Many people with eating disorders struggle with perfectionism, and I was no different. Striving for perfection in all areas of my life propelled me deep into my eating disorder. When I began recovery I continued to cling to that need to be perfect.
I wanted to do recovery perfectly, the best, better than anyone ever had before.
The problem is the need to be perfect was a symptom of the eating disorder. Especially when coupled with the belief that if I’m not perfect, then I am worthless. This mentality translated to school, work, love, therapy…essentially every part of my life.
Letting go of perfectionism
Here are three simple, yet powerful practices that helped me let go of being perfect. They helped me move out of my eating disorder and step into a place of strong recovery. Just remember, there’s no way to do these perfectly. Practice doesn’t make perfect, but it does often make new habits feel more natural. That may not fit into a snappy catchphrase, but it captures the truth.
Self-compassion can be a difficult habit to ingrain, but it can be a real game-changer in moving forward in recovery. Our eating disorder brains can make it feel logical to scold ourselves for every misstep. But all that does is bury us in shame, which is never the motivator we think it will be.
Telling yourself that you must do recovery perfectly and that if you don’t, you’re a failure is not helpful. Instead, try something like: I would really like to maintain a strong recovery and will continue to do that work.
Remind yourself if you slip up, that in no way negates your worth as a person.
It can also help to recruit loved ones or your treatment team to help reinforce and model compassion. If you have a bad body image day, don’t pretend the thought doesn’t exist and scold yourself internally. Try telling a friend/loved one/therapist that you’re having a bad body image day. Maybe they’ll give you guidance on how to maneuver it. Perhaps they’ll just listen. Getting it out into the open and being willing to show that you are fallible can help. Having that received with nurturance and compassion will only make your recovery and sense of self stronger.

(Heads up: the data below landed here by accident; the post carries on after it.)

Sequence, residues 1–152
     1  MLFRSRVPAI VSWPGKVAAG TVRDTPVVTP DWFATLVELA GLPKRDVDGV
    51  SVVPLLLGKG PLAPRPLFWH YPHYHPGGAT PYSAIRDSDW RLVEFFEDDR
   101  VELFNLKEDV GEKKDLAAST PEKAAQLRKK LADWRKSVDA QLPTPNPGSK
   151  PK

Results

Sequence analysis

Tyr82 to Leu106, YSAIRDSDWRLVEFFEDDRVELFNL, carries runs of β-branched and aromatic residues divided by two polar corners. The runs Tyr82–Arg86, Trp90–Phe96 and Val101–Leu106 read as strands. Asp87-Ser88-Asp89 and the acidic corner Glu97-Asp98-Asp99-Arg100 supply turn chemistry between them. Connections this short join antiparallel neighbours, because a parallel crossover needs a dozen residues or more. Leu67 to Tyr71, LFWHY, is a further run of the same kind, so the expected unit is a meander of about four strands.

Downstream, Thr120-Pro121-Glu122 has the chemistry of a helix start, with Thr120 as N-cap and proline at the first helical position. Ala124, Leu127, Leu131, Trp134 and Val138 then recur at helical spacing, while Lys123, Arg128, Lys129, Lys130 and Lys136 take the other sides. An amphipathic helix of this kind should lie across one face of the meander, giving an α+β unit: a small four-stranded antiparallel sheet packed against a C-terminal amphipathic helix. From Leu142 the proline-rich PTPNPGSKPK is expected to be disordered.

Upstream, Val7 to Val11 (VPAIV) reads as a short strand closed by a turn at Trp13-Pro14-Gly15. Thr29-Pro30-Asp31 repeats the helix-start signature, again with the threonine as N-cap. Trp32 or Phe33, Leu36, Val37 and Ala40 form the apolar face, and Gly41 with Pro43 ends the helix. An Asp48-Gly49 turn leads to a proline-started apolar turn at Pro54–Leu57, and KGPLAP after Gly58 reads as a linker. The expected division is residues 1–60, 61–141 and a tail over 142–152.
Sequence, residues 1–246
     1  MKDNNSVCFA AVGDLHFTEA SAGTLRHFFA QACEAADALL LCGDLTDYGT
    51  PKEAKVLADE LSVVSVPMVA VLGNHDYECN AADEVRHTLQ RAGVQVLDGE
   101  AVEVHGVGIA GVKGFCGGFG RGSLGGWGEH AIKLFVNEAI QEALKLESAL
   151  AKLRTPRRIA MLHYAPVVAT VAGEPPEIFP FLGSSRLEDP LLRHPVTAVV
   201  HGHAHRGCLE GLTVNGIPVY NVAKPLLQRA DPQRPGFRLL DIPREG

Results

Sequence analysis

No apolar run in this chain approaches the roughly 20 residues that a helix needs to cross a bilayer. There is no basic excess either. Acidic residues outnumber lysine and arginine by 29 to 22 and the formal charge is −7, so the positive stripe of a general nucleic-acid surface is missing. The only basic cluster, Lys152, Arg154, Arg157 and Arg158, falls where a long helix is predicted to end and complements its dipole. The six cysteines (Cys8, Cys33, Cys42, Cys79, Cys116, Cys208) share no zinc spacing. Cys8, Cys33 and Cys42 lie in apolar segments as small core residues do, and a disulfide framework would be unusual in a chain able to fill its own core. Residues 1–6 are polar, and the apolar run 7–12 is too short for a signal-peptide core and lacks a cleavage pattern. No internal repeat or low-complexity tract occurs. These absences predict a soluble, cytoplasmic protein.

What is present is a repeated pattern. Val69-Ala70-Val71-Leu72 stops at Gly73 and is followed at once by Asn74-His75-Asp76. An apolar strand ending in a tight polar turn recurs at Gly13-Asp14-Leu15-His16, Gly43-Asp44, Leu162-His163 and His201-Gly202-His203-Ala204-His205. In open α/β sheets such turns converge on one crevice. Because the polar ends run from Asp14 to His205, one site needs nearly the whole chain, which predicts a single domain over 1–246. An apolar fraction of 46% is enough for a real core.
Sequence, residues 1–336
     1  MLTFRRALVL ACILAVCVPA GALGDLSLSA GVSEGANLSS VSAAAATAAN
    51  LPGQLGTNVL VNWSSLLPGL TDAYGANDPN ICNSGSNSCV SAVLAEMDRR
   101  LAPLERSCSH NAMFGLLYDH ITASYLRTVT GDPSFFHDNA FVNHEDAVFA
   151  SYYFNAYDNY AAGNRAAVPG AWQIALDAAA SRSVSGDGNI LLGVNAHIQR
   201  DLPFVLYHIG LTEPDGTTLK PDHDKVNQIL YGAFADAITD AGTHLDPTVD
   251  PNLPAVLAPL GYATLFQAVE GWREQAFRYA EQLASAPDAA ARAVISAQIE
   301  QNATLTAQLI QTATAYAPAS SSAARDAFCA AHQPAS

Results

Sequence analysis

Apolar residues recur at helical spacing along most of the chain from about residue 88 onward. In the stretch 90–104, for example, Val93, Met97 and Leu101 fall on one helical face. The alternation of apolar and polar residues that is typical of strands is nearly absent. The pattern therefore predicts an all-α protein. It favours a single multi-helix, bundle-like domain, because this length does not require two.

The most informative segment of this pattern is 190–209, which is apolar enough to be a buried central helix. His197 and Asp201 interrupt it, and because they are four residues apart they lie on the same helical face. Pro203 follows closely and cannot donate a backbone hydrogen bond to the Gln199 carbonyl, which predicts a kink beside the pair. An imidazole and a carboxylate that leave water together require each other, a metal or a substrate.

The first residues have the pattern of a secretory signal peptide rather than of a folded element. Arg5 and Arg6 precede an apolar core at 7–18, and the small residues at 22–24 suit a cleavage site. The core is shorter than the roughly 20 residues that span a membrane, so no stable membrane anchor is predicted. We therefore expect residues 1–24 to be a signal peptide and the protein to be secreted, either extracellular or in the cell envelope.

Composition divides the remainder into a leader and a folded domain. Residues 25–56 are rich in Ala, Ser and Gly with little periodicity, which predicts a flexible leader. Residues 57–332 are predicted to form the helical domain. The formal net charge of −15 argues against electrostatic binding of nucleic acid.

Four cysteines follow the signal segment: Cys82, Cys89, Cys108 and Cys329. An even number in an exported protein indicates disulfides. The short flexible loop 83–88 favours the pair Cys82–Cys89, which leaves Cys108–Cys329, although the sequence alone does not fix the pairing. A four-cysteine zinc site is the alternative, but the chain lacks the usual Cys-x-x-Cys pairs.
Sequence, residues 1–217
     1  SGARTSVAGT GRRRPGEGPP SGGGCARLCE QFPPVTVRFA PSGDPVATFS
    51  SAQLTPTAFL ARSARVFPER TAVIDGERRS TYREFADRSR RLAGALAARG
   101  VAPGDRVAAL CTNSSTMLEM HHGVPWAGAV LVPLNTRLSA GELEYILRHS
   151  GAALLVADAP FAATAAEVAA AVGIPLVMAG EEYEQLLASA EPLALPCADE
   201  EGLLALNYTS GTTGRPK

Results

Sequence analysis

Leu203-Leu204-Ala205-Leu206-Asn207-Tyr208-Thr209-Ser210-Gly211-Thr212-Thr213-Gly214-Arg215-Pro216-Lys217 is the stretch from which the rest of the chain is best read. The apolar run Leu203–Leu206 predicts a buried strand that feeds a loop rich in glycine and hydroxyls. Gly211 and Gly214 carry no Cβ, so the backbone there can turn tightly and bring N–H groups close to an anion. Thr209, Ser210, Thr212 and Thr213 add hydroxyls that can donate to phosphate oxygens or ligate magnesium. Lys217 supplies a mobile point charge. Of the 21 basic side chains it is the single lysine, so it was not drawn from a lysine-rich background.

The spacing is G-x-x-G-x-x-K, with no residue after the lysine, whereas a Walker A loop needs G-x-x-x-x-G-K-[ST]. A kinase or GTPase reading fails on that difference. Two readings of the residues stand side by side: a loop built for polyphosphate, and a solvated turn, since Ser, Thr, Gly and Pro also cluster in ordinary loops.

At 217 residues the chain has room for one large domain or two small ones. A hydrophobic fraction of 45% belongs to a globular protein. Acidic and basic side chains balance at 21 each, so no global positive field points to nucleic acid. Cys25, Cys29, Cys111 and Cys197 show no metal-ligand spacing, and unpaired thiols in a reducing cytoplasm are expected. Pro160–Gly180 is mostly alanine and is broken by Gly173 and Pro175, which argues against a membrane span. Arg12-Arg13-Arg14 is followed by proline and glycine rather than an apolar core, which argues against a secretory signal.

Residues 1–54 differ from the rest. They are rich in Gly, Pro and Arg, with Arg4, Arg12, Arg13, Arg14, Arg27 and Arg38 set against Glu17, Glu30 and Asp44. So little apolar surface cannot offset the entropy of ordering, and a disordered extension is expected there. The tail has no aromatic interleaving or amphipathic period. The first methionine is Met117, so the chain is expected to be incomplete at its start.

It is easy to become frustrated because you are not where you want to be in your recovery. The elusive point of “recovered” can feel so far away. We can get angry at ourselves for struggling at all. Express gratitude for how far you’ve come and the work you’ve done. This can turn your frustration into inspiration and evidence of what you’re capable of.
Think about this. It wasn’t your recovered self that talked you into getting treatment or pushed you through challenge meals or brought you to this page seeking guidance – it was the very part of you that you’re most likely to get frustrated with for not being farther along. That part of you – the struggling part – has gotten you this far.
When I had urges in the past, I often suppressed them, rather than working through them by myself or even in therapy. I was buried in my own judgments that I should be past that point by now. I focused instead on gratitude for how far I had come and the work that I put in. This lifted me out of many a shame spiral and gave space for compassion. And we already know how essential that is.
Find gratitude for the part of you that continues to seek help no matter how many times you backslide. This may give you the space to accept that help and guidance, thus propelling you forward in your recovery.
If perfectionism and rigidity fuel an eating disorder, it makes sense that flexibility fuels recovery.
It is important to allow space in your mind for the plan to change. Flexibility will allow you to step into each new stage of your recovery with less turmoil. Even if it’s just preparing yourself to transition from your therapist in treatment to an outpatient therapist flexibility helps.
Being flexible will also allow you to move forward in your recovery by allowing room for you to backslide. It may seem counterintuitive, but the pressure we put on ourselves to not slip up can keep us timid in our recovery. When we don’t push ourselves out of our comfort zone, we hold ourselves back. When we avoid a zone that induces urges because we’re afraid of relapse, we remain in a state of pseudo-recovery.
When I was in this state, I wasn’t using eating disorder behaviors. But I wasn’t yet free to experiment with any food or movement that might provoke my eating disorder. There was no room for steps backward, so I could never step beyond those challenges.
The reality is, sometimes you do have to take two steps forward and one step back, to keep yourself from getting stuck in eating disorder limbo.
Saying good-bye to perfectionism
We are all human. We are all fallible.
And the people we tend to find most interesting and relatable are the ones who show their flaws.
I’m in strong recovery and I still have bad body image days. But they don’t lead to urges like they used to. I’m not ashamed of them anymore. In fact, the ability to look in the mirror, feel dissatisfied, and not spiral into negative self-talk actually feels like a huge win. It started with letting go of the need to be perfect. Even if urges do resurface, they no longer feel like a failure of my recovery.
Making perfectionism a goal in any area of life is fruitless. It is also unattainable and damaging. We’re all better off striving to do our best, whatever that may look like on any given day. We can never be perfect. If we know in our souls that regardless of the past, in this moment we’re trying to move forward and do better, then that’s something to be proud of.